Grocery price sticker


If you do any grocery shopping in Massachusetts today, please be kind to the bewildered shoppers wandering the aisles looking lost and confused. Beginning today, stores in the Bay State no longer have to have price stickers on them.

Price stickers? What is this, the 1970’s?

No, but a law that finally reached its expiration date last night was a vestige of a bygone era, in which those newfangled bar codes and scanners were distrusted (read: “Happy 40th, Bar Code! You Don’t Look a Day Over 5-37000-00176”). Shoppers (and lawmakers) in states across the country wanted to see good old-fashioned price tags on every item, to ensure people knew exactly how much they were paying. Over time, one by one, laws mandating individual price tags faded away – Michigan did away with its version last year – and Massachusetts has just become the last to eliminate the price-tag requirement.

The new law doesn’t actually eliminate price tags altogether, but it allows stores to apply for a waiver with very specific requirements. They can remove price tags, if item prices are prominently marked on shelves (“with the price no smaller than one inch high”), if they install price scanners throughout the store, if their checkout system is shown to be at least 95% accurate, and if they agree not to lay off any employees whose job used to be to stick price tags on everything. If a customer ends up being overcharged, they’ll get the item for free if it’s worth less than $10, or a $10 gift card if it’s worth more. And the store can be fined up to $5,000.


Supporters, including the Retailers Association of Massachusetts, hailed the new law, saying that individual price tags were never all that accurate anyway. They cited a 2007 study that found higher rates of overcharges when price tags were mandated, resulting in prices that were “needlessly 10% higher when antiquated item pricing laws are in place.”

Those on the front lines are pleased about it, too. Employees will no longer have to change price tags on thousands of items every time the new sales circular comes out. When Michigan did away with its price-tag law, the Wall Street Journal spoke with a grocery store employee as he got down on his hands and knees to remove wadded-up old price stickers from the freezer case’s drain. “It’s a real pain in the you-know-what,” he said. A spokesperson for Massachusetts-based Big Y stores told the Springfield Republican newspaper that employees in charge of price tags will be shifted to more customer service-oriented jobs.

As for shoppers, many are ambivalent about the change. “I very seldom look at a price sticker,” one Wegmans shoppertold the Worcester Telegram & Gazette. “Once I put it in my cart, I already know the price.” Added another shopper, “I usually look for a price on the store shelf” anyway. Other shoppers are less enthused about the idea. Some grumble that once an item is in their cart, they have to go back to the shelf or find a scanner if they forget how much it was. “If I had to run back and forth with an item to see how much it’s going to cost, it would take me an awful long time to do my shopping,” one woman told WWLP-TV. “It’s going to be tough,” another shopper told the Telegram & Gazette. “You may not know what the price is until you get to the register. It really puts more responsibility on the consumer.”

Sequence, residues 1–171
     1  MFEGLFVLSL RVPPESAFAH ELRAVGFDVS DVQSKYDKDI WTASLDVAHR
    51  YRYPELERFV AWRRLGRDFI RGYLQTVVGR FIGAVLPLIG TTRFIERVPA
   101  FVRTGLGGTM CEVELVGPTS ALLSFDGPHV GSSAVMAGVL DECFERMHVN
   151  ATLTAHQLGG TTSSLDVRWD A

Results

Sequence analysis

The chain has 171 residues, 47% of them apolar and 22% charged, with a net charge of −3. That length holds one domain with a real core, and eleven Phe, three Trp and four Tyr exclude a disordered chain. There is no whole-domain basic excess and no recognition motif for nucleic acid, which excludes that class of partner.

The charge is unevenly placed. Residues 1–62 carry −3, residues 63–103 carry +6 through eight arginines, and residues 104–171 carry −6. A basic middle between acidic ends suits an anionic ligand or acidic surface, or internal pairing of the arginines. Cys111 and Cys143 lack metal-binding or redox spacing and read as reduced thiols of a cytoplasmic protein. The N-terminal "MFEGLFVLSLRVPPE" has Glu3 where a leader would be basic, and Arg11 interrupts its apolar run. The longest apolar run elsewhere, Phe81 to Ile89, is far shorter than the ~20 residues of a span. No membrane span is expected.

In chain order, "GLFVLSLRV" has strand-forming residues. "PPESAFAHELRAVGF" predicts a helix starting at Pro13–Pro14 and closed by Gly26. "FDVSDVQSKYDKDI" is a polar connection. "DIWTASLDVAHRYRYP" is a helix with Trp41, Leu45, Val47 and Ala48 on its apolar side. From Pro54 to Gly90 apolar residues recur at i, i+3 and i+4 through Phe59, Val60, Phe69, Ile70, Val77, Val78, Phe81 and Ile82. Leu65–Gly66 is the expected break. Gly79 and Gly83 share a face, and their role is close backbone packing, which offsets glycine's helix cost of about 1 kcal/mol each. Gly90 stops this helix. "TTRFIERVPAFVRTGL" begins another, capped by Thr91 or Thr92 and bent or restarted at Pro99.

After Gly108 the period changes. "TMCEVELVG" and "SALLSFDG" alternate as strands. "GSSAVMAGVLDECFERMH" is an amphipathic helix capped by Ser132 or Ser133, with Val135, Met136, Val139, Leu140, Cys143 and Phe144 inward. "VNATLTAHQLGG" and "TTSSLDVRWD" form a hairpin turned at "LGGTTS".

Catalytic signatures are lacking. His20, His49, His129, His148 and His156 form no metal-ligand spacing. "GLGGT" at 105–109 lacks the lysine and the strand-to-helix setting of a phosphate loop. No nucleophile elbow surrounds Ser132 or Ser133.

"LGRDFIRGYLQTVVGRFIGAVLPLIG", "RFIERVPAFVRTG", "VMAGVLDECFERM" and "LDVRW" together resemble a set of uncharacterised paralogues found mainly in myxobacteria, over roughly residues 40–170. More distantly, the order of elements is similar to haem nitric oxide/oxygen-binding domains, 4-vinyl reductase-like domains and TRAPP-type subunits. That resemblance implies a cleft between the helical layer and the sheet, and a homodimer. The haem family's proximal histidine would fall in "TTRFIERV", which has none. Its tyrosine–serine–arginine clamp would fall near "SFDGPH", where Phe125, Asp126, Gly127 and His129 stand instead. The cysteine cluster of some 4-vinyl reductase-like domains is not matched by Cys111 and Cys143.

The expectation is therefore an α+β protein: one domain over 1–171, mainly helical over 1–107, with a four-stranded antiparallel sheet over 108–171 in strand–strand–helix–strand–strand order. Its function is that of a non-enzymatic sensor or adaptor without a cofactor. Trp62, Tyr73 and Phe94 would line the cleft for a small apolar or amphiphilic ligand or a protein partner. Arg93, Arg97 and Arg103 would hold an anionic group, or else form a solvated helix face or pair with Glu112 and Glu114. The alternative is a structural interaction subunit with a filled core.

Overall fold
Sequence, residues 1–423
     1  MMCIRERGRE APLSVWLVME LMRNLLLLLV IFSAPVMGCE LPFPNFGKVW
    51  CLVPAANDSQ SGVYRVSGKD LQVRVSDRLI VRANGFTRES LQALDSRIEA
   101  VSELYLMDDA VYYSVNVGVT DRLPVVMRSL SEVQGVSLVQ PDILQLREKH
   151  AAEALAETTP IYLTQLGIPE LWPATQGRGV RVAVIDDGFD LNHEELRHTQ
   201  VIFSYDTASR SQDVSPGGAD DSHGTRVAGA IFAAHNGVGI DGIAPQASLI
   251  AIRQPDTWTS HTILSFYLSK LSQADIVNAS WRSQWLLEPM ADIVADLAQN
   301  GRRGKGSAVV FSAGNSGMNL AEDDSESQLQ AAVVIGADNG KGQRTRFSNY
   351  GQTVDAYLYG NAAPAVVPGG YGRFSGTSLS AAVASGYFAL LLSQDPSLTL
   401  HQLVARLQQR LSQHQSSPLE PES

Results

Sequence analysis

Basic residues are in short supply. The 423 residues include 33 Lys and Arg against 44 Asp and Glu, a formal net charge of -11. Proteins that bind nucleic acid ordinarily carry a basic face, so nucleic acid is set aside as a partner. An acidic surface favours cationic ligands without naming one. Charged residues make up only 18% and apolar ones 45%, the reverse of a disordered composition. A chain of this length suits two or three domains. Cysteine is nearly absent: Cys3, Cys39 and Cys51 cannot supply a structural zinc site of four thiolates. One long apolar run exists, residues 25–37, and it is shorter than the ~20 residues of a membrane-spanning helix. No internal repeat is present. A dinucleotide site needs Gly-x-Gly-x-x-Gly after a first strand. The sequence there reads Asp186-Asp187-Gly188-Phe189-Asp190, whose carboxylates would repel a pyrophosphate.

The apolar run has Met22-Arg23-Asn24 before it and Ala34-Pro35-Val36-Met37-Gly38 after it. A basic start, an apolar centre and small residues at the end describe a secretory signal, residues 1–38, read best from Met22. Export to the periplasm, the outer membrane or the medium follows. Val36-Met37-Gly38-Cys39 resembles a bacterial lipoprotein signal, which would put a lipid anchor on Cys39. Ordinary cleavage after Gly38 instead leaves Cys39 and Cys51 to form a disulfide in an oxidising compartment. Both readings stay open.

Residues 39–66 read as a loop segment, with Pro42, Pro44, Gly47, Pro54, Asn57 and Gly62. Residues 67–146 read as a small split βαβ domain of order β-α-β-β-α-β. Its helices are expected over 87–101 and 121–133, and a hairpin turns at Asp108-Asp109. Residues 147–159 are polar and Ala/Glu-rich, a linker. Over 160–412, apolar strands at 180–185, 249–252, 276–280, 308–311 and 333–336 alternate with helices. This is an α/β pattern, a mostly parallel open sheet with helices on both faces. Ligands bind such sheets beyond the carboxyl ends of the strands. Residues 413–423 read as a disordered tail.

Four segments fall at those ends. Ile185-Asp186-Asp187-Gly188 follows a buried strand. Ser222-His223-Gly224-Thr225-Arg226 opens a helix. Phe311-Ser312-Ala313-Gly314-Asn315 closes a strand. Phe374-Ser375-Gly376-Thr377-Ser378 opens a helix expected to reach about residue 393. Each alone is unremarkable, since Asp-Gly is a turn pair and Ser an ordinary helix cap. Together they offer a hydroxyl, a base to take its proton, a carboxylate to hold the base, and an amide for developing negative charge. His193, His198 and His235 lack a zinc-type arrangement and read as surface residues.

Consumers in 49 other states have learned how to handle it. So what’s the worst that could happen in Massachusetts today? You could get overcharged and score a $10 gift card. Not a bad way to ring in the new year.

Image source: Neato Coolville


  1. To the people that complain about having to run back and forth to the scanners, if you’re really that concerned about watching the prices, the law actually requires a minimum amount of scanners capable of printing labels with the price on them.

  2. Does anyone know if the “free if item is under $10” policy applies whether or not the store is working under the waiver or not (needs to mark the price on the item or not)? Example would be that an item is marked on sale in the flyer & on shelf sticker but item rings up regular price, should that item be free or just the difference between sale & regular price?
    Also is there a limit to the quantity? If I buy 3 of something & they all ring up wrong would all 3 be free or just one of the 3 & the others being the difference between sale & regular price?
    And lastly can different stores have different policies on this law?

    • Hi Jon,

      You can find the full text of the law here:


      It says the rule applies no matter how the prices are displayed (item sticker or shelf price). If you buy multiples of the same item, you just get one free (up to a maximum of $10) and the correct price on the rest. Stores can have slightly different policies, in that they can give you a $10 gift card instead of $10 in cash if the item is more than that amount, but otherwise it doesn’t look like there’s a whole lot of wiggle room to do anything else differently.

      Hope that helps!

      • I think it does. 🙂 I used to work at a grocery store in the late ’80’s-early ’90’s in New York and the free item deal was the policy we had back then. However it seems that when I go to the customer service counters around here for the past few years & bring up the difference they almost always just give me the difference between the 2 prices (I generally catch a wrong price at least once a month).

        I may have to print this info out & bring it with me when I go grocery shopping!

        Thanks again!

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